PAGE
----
2. The adopted ones

    March 31, 2011 at 6:13 pm


    I guess I just needed that extra snark at the end – and talk about a run on sentence.

    You have your eyes wide open and can easily apply real world logic to situtations so you will be fine.

    Thanks for reading and giving feedback.


  3. Eileen

    March 31, 2011 at 7:12 pm

    I assume that the “don’t you love your parents” comments are designed mostly to make the adoptee feel guilty for not being grateful enough to the parents who supposedly saved them. And I also assume that the people who would say this to an adoptee are APs or PAPs, although there are some natural parents as well who want to believe that everything is rosy about adoption. Given these assumptions it seems to me that the appropriate response is, “Don’t you love your child?” An AP or PAP who loves their child should be interested in hearing what adult adoptees have to say whether it’s good or bad and not expect their child to feel the same way about adoption as they do.


  4. The adopted ones

    March 31, 2011 at 7:16 pm

    Eileen – yes it is the why aren’t you grateful and your parents must have been bad parents for you to feel this way, so therefore I will be a good parent and my child will never feel this way. Slap you for being mean and ungrateful and slap to your parents for being bad parents – double whammy…

    Thanks for commenting.


    • Eileen

      March 31, 2011 at 11:26 pm

      I hadn’t thought of the doubly whammy aspect of it, where your parents must have been bad parents too. But yes, it’s there and it’s just one more way that people like that can say that this will never happen to them.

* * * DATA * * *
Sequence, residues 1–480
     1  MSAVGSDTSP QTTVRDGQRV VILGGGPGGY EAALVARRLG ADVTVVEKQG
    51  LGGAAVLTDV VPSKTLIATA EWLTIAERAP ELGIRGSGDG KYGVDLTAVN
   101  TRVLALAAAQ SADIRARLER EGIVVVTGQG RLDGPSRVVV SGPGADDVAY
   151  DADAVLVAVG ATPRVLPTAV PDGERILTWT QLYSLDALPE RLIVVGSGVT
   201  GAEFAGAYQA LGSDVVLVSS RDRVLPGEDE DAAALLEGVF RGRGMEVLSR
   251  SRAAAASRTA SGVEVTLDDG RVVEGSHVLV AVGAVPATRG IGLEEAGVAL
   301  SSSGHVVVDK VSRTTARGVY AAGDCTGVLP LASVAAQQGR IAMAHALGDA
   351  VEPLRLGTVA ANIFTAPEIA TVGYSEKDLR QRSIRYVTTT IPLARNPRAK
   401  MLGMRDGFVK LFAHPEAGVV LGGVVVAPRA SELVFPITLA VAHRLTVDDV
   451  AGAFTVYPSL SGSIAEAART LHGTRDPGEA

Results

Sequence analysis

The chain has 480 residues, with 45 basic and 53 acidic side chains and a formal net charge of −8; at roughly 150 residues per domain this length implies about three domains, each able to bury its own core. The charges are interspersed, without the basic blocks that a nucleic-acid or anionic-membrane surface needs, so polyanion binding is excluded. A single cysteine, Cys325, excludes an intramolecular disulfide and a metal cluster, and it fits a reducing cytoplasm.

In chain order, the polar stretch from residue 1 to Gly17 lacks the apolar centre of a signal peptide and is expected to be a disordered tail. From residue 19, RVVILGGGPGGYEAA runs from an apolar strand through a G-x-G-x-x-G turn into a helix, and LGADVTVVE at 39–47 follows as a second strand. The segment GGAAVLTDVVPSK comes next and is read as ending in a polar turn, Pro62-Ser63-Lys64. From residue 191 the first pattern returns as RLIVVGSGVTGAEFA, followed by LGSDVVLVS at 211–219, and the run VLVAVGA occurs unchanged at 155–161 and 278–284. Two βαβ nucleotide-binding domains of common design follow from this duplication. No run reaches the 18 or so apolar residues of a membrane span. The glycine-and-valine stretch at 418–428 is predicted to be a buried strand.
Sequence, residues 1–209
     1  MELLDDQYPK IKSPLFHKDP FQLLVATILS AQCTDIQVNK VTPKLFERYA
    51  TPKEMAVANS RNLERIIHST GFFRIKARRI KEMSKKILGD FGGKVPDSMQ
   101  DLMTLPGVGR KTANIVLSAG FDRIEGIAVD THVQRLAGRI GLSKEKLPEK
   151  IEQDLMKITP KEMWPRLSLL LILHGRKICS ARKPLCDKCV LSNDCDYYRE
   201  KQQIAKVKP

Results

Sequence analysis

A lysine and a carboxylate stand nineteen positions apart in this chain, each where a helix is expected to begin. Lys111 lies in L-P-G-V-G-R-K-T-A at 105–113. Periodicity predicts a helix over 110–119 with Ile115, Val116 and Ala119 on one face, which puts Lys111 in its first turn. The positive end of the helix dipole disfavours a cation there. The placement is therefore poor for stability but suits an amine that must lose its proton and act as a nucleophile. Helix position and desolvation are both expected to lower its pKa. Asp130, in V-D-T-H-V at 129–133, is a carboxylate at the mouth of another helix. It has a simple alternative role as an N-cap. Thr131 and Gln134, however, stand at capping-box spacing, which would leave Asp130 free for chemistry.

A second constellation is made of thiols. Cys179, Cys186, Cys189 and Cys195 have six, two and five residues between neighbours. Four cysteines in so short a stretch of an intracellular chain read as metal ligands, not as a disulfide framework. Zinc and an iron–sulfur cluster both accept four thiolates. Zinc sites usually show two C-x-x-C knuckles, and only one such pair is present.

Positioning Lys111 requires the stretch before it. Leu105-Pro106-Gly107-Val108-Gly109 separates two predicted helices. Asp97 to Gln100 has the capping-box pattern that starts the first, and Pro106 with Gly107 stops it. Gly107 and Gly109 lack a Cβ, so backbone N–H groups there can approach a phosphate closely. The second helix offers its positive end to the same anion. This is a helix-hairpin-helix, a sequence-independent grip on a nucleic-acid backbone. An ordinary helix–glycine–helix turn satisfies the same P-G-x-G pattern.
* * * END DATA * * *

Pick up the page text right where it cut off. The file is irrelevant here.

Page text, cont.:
Very interesting post!


  5. Melissa

    March 31, 2011 at 8:02 pm

    “That we speak up for our benefit in making sense of these feelings, finding our own support community that really understands, something many of us never had until now.”

    Even though the above statement wasn’t the point of this post, it struck me, particularly, “something many of us never had until now.” This is so true…I am so grateful for fellow adoptee bloggers like yourself & otherwise. For years I thought I was crazy…it wasn’t until recently that I started to realize that I’m not crazy and I’m also not alone.

    @ Eileen- Wow. You’re a genius, seriously. I had never thought of it the way you framed it:

    Given these assumptions it seems to me that the appropriate response is, “Don’t you love your child?” An AP or PAP who loves their child should be interested in hearing what adult adoptees have to say whether it’s good or bad and not expect their child to feel the same way about adoption as they do.

    I just might have to quote you at some point, if you’re all right with that…


    • Eileen

      March 31, 2011 at 11:24 pm

      Thanks, Melissa. I’m not a genius, just someone that sees red when people try to discount what adoptees have to say about adoption. Of course you can quote me.


  6. The adopted ones

    March 31, 2011 at 8:14 pm

    Melissa – thanks for stopping by – your blog has helped me in ways you will never realize. The adoption blogging community as a whole has made it seem less lonely.


  7. shadowtheadoptee

    March 31, 2011 at 8:25 pm

    My favorite, “I’m so sorry you had a bad experience.” Where do they get that? Bad experience? Really? why because some of us had parents, who weren’t “perfect”. Because we speak up, share our own feelings, hoping PAPs, APs, and the like will listen, understand that their way isn’t always “THE” only way? That,, just maybe, if they listen, think, they might find a better way to help, and deal with their children? they think we must have had a “bad experience”? We aren’t asking for sympathy. We are asking for empathy.

    A bad experience is slamming your finger in the car door. A bad experience is having the novacane wear off before the dentist gets through drilling to fill that cavity. Staying over night at the Bates motel would be a “bad experience”. A blind date with Pee Wee Herman would be a “bad experience”.

    My life is not just a “bad experience”. It’s my life. I’m just glad there are parents like Dannie that get it.
    Good post.


  8. The adopted ones

    March 31, 2011 at 8:46 pm